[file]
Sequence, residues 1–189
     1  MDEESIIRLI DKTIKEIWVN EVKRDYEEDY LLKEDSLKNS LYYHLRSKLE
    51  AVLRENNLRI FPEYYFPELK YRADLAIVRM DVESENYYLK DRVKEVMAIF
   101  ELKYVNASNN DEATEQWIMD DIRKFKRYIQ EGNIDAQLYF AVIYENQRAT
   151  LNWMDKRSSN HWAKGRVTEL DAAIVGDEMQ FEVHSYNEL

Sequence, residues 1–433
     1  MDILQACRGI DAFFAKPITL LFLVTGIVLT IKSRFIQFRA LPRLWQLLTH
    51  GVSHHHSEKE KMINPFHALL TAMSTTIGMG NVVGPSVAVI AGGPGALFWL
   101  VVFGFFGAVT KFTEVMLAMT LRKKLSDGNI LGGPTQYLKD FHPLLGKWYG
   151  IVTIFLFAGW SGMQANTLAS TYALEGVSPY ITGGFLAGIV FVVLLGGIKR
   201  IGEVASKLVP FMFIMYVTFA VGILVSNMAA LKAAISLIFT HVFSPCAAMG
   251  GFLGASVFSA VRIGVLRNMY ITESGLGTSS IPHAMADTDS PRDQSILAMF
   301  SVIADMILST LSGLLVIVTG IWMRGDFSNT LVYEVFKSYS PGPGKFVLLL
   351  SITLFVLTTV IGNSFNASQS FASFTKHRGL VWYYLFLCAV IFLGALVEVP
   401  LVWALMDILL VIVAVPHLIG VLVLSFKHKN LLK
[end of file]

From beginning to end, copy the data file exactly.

Sequence, residues 1–189
     1  MDEESIIRLI DKTIKEIWVN EVKRDYEEDY LLKEDSLKNS LYYHLRSKLE
    51  AVLRENNLRI FPEYYFPELK YRADLAIVRM DVESENYYLK DRVKEVMAIF
   101  ELKYVNASNN DEATEQWIMD DIRKFKRYIQ EGNIDAQLYF AVIYENQRAT
   151  LNWMDKRSSN HWAKGRVTEL DAAIVGDEMQ FEVHSYNEL

Sequence, residues 1–433
     1  MDILQACRGI DAFFAKPITL LFLVTGIVLT IKSRFIQFRA LPRLWQLLTH
    51  GVSHHHSEKE KMINPFHALL TAMSTTIGMG NVVGPSVAVI AGGPGALFWL
   101  VVFGFFGAVT KFTEVMLAMT LRKKLSDGNI LGGPTQYLKD FHPLLGKWYG
   151  IVTIFLFAGW SGMQANTLAS TYALEGVSPY ITGGFLAGIV FVVLLGGIKR
   201  IGEVASKLVP FMFIMYVTFA VGILVSNMAA LKAAISLIFT HVFSPCAAMG
   251  GFLGASVFSA VRIGVLRNMY ITESGLGTSS IPHAMADTDS PRDQSILAMF
   301  SVIADMILST LSGLLVIVTG IWMRGDFSNT LVYEVFKSYS PGPGKFVLLL
   351  SITLFVLTTV IGNSFNASQS FASFTKHRGL VWYYLFLCAV IFLGALVEVP
   401  LVWALMDILL VIVAVPHLIG VLVLSFKHKN LLK